Hulu’s The Handmaid’s Tale
Season 3, Episode 3: “Useful”
Directed by Amma Asante
Written by Yahlin Chang
* For a recap & review of the previous episode, “Mary and Martha” – click here
* For a recap & review of the next episode, “God Bless the Child” – click here
“Heresy” is the official reason those who are part of the resistance were hanged— June (Elisabeth Moss) watches the bodies of several Marthas swaying in the wind. Gilead doesn’t even want to entertain the idea there’s a revolution, of any kind.
No martyrs. Only hanging, rotting bodies.
Back at the Lawrence home, June wonders what it’s like be a man “watched by women” as she thinks of Commander Joseph Lawrence (Bradley Whitford) and how wielding the power of gender over others might feel. He’s an especially powerful member of Gilead. Other Commanders have to come to his place for meetings. There remains something sinister about him, despite his relative tolerance of June and the Marthas, and helping Emily (Alexis Bledel) escape.
At the house, other Commanders soon join Joseph. When Fred Waterford (Joseph Fiennes) arrives he winds up chatting with June. He asks how things are there. She tries to get info about Joseph, whom Fred calls “an interesting man.” Everybody’s slightly confused by him, even the other Commanders. Double so for the viewer: he was an architect of Gilead’s economy, a major part of its creation, simultaneously now helping women escape at least SOME horrors he helped originate.
Lots of Gilead business talk at Lawrence’s home. Plenty of sexism and misogynistic talk while June a.k.a Ofjoseph has to listen about “an individual‘s value as it pertains to gender.” She gets asked by Joseph if there are any books on the topic, given she was part of the literary world. He ignores anything she might potentially say, asking her to fetch a copy of The Descent of Man by Charles Darwin. A subtly embarrassing moment for the Handmaid. She must then kneel and present her Commander with the text.
Serena Joy (Yvonne Strahovski) is spending time with her mother, as well as the old lady’s prayer circle. She attends the circle, called into the middle. They use prayer to help her through her rough time. She’s not entirely feeling as faithful as she did once. Perhaps the religious / patriarchal bonds keeping her in place are beginning to actually rust away. She doesn’t like that her mother told the prayer circle everything about her marriage. Once we see what her mother’s like it isn’t difficult to comprehend how Serena succumbed to internalised misogyny. Meanwhile, Fred’s rehearsing a speech he’ll give to his wife, talking it over with a naked woman in his room.
That night, June brings the Commander tea and Joseph’s going through “binders full of women” (a nice Mitt Romney dig). She’s continuing to try and get a read on the man. He seems like he’s trying to figure out how best to use her to his own advantage. He goes on about some misogynist shit. She shoots back at him about the faults of men. Commander Lawrence claims he helped Emily because she was “unnaturally smart” and could be “useful” to the world. He’s deluded himself into believing his Gilead crusade is righteous. Doesn’t stop June from shitting all over him, calling him “far worse than useless.” She knows he probably only does what he does so he doesn’t kill himself over the guilt of seeing his theories turn into real executions(etc).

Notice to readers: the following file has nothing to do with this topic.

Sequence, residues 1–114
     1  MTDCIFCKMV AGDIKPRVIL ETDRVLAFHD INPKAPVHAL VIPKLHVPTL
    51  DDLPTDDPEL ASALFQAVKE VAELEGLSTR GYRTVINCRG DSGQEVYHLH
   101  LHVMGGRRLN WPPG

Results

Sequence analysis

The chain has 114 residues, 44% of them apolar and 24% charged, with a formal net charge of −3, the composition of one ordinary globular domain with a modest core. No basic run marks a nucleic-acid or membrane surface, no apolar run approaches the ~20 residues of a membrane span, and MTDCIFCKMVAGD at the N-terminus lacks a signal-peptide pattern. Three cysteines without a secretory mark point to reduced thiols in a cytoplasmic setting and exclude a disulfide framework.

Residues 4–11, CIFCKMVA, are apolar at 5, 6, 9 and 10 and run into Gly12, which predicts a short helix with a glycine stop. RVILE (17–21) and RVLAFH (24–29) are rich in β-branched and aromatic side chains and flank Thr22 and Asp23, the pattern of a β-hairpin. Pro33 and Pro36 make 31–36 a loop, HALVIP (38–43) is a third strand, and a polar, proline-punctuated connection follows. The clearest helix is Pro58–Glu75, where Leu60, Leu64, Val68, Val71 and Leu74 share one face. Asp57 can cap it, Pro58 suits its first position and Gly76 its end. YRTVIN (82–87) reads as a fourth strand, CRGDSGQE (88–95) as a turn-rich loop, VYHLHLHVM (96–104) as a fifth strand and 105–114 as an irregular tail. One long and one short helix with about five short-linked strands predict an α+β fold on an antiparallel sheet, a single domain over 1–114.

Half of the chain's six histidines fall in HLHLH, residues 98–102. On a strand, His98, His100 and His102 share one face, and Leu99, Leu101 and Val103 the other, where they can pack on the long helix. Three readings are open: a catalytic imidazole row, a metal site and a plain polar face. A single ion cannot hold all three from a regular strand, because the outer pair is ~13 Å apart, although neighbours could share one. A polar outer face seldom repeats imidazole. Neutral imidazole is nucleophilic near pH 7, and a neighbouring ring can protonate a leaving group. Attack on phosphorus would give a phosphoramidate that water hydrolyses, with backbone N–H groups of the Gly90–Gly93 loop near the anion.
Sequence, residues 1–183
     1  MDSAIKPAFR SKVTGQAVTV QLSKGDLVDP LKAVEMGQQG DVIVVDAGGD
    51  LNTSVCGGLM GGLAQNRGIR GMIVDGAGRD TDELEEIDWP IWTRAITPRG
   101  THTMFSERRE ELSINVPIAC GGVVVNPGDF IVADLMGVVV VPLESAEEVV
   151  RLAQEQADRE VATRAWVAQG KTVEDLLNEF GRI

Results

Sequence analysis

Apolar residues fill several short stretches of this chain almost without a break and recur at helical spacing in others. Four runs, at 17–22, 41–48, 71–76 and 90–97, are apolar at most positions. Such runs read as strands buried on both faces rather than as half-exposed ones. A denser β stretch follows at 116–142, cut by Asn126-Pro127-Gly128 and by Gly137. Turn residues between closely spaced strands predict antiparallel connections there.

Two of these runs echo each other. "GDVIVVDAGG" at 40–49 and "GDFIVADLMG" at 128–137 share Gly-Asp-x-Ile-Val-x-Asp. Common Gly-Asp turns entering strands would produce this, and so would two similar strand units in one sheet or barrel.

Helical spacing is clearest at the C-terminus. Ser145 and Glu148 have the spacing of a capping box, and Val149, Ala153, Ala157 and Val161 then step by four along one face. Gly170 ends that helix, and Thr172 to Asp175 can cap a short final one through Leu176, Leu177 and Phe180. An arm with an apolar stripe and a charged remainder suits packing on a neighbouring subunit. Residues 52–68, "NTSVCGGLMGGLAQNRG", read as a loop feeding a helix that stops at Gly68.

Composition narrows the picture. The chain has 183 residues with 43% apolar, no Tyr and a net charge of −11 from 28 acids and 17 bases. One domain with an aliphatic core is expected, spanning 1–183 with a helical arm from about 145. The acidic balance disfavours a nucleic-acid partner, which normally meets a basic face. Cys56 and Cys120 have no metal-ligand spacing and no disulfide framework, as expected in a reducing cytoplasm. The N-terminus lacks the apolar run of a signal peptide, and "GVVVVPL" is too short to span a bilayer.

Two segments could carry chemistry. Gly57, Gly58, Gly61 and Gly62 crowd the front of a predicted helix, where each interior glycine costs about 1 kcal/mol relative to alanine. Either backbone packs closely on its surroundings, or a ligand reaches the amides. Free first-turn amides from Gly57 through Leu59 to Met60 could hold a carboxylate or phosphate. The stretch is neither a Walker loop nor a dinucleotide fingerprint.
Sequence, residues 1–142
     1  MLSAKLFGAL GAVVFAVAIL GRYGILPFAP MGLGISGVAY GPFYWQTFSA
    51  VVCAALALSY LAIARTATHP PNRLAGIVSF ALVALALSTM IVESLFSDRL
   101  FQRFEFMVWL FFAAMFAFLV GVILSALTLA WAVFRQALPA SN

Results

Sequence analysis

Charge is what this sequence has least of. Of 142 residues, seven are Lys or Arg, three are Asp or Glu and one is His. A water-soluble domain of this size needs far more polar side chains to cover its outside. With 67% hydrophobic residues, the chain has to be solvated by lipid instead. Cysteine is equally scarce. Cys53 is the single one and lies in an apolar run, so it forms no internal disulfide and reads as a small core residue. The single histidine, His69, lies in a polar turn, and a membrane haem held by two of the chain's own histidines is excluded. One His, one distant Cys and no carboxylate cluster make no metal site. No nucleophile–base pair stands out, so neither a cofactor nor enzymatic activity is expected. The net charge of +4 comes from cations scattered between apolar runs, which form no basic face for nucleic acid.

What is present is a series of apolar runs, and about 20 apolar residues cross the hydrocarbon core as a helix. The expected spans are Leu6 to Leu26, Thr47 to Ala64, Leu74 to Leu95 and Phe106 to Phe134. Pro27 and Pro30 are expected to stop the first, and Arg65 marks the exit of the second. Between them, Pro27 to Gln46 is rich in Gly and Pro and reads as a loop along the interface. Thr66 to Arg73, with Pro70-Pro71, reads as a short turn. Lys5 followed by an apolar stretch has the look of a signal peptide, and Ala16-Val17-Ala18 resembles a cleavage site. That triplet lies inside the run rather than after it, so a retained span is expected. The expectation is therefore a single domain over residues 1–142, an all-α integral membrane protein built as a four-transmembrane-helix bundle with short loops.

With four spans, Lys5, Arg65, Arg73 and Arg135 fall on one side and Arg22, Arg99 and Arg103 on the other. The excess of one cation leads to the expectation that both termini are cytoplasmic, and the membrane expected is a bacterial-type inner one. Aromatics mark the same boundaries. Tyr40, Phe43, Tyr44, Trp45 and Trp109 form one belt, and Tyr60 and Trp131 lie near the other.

“How tempting it is to invent a humanity
for anyone at all”
Commander Lawrence takes June with him on a drive to an area where there’s a factory. Inside, he leads her through a set of cages filled with women, of all ages. They’re all going to the Colonies, except only five, which Joseph was able to make Marthas. It doesn’t impress June, when so many more women will basically be sent to their death. The Commander asks her to choose which five survive. An ugly, cruel game.
If June doesn’t play, all of the women die. She refuses to take the responsibility. Nevertheless, it’ll weigh on her soul because she’s a moral person, unlike Joseph, perpetually proving he’s a horrid creature.
Nick (Max Minghella) comes to see June. She asks about Lawrence, needing to know more about him. She’s frustrated with Nick’s inability to do anything about it. Worse, he’s getting shipped off to Chicago to fight, potentially never to return to Gilead. That’ll be one less person she can count on, one less glimmer of hope in a sea of horrific men.
The next day, June gets another visit, this time from Serena. The Commander’s wife asks if the Handmaid thinks of baby Nicole. June does, all the time, and Serena, too— it’s just the latter isn’t used to dealing with the worst parts of Gilead, privileged, ironically, by her barren womb. Surprisingly, June considers Serena “a mother” to her baby. She also wants her to think of “all the other mothers” who’ve been robbed of their dignity and children. She wants Serena to help change things with her.
But can Serena truly change herself?
In the meantime, June’s decided to help save at least five women, giving names to Commander Lawrence— might only be five, but it’s better than none. That’ll be five more women to add to the resistance, chosen specifically for their various talents.
Soundtrack note: “How Does It Feel” by Roy Harper is the final song of the episode
The revolution WILL be televised! This is why Season 3 continues to do the best work of the series, at times, because we’re finally getting through to seeing these women working at overcoming all this madness. They’ve been trying before, mostly just hanging on for dear life while surviving Gilead’s horror. This time around, the rebellion is becoming much more active and autonomous.
“God Bless the Child” is next.